More than 30 years ago, Lynne Martin Erickson co-founded Bi-folkal Productions which produces comprehensive, multi-sensory reminiscence kits on topics from fashion, farm life, fall, and the fifties to wartime and worklife. There are also “mini-kits” which bring the total topics to about 30. While intended initially for libraries (and they are still widely found there), in more recent years they have been sold in parts that are easy (and less expensive) for both families and professionals to use. A typical kit is likely to contain slides or a CD or DVD, music, skits, trivia, booklets and handouts, props, games, guidebooks – enough material to devote a week’s worth of programming to the topic.

Lynne is not only amazingly thorough in her research (she’s a former librarian herself), but creates with a sense of humor. On life in the 1950s, for example, she included a Good Housekeeping article that described how a wife should greet her husband when he returned from his hard day of work, including taking off his shoes, arranging his pillow, offering a cool drink, keeping the children quiet and never complaining, because “A good wife always knows her place.”

Beckie Karras is a board-certified music therapist who worked in elder care settings for many years before founding ElderSong in 1985. Her background explains the catalog’s heavy emphasis on musical and reminiscence products. She has written a number of books herself and has published the work of others, and these books appear in numerous other catalogs under the ElderSong brand.

Many of the books call for filling in blanks, singing familiar songs, and reminiscing on everyday topics, all of which either work well with people with dementia or are easily adapted for them. I am especially fond of the You Be the Judge series by Nancy Dezan that takes real court cases and asks participants to choose what the verdict should be, Journey through the 20th Century, Down Memory Lane (2nd edition), and Remembering Our Town, all of which are fun for the well elderly, too. It’s no surprise that Beckie’s musical selections are also carefully chosen.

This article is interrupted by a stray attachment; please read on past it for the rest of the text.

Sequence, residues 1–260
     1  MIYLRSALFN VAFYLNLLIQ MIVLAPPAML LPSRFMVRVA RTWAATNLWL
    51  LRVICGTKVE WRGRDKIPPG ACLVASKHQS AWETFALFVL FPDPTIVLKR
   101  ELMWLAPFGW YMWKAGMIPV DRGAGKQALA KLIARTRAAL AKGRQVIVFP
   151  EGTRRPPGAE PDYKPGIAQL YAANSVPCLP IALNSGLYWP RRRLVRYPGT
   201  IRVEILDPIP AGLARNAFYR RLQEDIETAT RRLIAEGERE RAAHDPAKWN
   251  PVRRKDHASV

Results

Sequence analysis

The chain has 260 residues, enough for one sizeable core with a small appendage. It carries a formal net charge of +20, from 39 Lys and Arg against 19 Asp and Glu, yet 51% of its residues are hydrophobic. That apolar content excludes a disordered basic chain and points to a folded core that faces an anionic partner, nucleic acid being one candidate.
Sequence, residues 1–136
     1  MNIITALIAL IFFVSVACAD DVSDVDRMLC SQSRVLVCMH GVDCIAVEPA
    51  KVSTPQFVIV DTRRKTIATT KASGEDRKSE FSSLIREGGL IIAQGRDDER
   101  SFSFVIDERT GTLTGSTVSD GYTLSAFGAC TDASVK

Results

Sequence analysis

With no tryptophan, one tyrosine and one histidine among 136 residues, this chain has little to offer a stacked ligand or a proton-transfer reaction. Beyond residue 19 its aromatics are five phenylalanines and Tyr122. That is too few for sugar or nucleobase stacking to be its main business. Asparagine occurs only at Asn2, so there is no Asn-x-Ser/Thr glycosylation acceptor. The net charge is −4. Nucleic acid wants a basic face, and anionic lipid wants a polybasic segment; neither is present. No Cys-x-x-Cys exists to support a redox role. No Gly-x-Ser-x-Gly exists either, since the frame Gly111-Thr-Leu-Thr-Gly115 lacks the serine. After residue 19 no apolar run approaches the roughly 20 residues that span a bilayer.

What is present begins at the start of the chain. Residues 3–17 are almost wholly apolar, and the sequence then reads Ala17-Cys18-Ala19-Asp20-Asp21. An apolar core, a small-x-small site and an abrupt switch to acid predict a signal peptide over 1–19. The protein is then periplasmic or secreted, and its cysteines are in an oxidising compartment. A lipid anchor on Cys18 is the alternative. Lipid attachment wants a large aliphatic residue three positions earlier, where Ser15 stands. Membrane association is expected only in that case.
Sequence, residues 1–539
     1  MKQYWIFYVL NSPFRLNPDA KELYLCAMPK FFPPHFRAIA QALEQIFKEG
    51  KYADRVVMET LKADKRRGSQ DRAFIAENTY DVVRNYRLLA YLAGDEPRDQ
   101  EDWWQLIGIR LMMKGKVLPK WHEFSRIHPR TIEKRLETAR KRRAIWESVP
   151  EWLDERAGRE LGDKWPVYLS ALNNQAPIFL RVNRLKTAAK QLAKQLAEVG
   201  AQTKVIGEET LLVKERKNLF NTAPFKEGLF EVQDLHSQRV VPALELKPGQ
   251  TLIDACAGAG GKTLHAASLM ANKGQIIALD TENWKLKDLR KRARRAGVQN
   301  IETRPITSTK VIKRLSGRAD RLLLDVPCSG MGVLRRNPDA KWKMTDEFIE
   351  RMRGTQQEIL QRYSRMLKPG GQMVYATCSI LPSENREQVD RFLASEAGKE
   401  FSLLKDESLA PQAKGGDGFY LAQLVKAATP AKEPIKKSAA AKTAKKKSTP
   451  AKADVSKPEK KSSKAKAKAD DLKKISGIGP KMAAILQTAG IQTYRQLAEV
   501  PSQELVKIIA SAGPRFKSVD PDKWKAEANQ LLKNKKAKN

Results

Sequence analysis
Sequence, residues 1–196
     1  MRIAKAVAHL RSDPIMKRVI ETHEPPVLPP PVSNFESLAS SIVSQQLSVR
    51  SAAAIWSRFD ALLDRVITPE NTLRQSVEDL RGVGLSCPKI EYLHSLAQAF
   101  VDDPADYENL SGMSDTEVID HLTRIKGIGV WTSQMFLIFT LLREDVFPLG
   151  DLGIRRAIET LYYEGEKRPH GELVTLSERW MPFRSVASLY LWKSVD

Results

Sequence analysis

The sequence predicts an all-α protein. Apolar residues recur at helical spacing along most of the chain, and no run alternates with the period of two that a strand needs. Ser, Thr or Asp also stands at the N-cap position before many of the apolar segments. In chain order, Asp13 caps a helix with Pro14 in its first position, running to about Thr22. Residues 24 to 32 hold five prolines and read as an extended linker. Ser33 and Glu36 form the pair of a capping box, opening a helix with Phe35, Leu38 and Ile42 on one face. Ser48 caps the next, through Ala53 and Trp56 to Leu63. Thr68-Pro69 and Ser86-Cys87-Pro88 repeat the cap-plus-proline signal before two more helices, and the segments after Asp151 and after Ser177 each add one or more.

Dover Publications
Before moving on to the large catalogs, I want to mention the Dover specialty books. Dover is a company with products I like and a customer service policy I find frustrating because there is no way to reach them by phone unless you send a fax. Their free “Antiques and Architecture” catalog has many books I recommend, all at a reasonable price, but you must scroll to the bottom of the Dover website page to order it.

Here are some of the books they publish that are great for reminiscing with people with AD:
· Their “Everyday Fashions” series feature excerpts from Sears catalogs and are grouped by decades, 1920s through the 60s. For today’s older adults, the 40s and 50s are most likely to be relevant.
· For the men who are fascinated with transportation, there are books on trains, planes, cars and ships.
· If you happen to be from New York City, there are half a dozen books of old photographs.
· There are also loads of books featuring photographs and floor plans of various styles of houses in various time periods which are super for drawing out memories of home life. Among my favorites are 101 Classic Homes of the Twenties and 100 Small Houses of the Thirties.

Flaghouse Activities for Life

Nasco – Senior Activities

S&S Prime Life

These three catalogs undoubtedly see themselves as distinctive and would not want me to group them together, but they are all aimed at activity directors and have a lot of overlap.
· S&S has long been known for its craft products and their “Prime Life” catalog, aimed at seniors, still has more than 200 pages of crafts. However, they also have categories like Alzheimer’s resources, trivia and reminiscing, movement therapy and music therapy, among others.
· Flaghouse focused exclusively on the developmentally disabled and rehab populations for many years, until the 1990s when they became THE place to go for Snoezlin (sensory stimulation) equipment. At the time I found them gimmicky and overpriced, but they have since gotten a better sense of the market, and I like them a whole lot better.
· Nasco has been the most consistent in offering a wide range of products for older adults. Their “Senior Activities” catalog features many products from Attainment, Bi-folkal, Dover, ElderSong and ElderGames, the last of which produced a bunch of trivia and reminiscence booklets/print materials in the late 1980s which are still selling well.

Some specific products

What specifically do I like? Here are a few ideas:
· Both Nasco and S&S have a variety of large-piece puzzles with adult-appropriate pictures, some with as few as 12 pieces.
· S&S also has a number of products to encourage movement in amusing ways such as animal-shaped vinyl bean bags, foam hand paddles that can be used with balloons and other light-weight balls, and softly floating juggling scarves that make exercise colorful and gentle.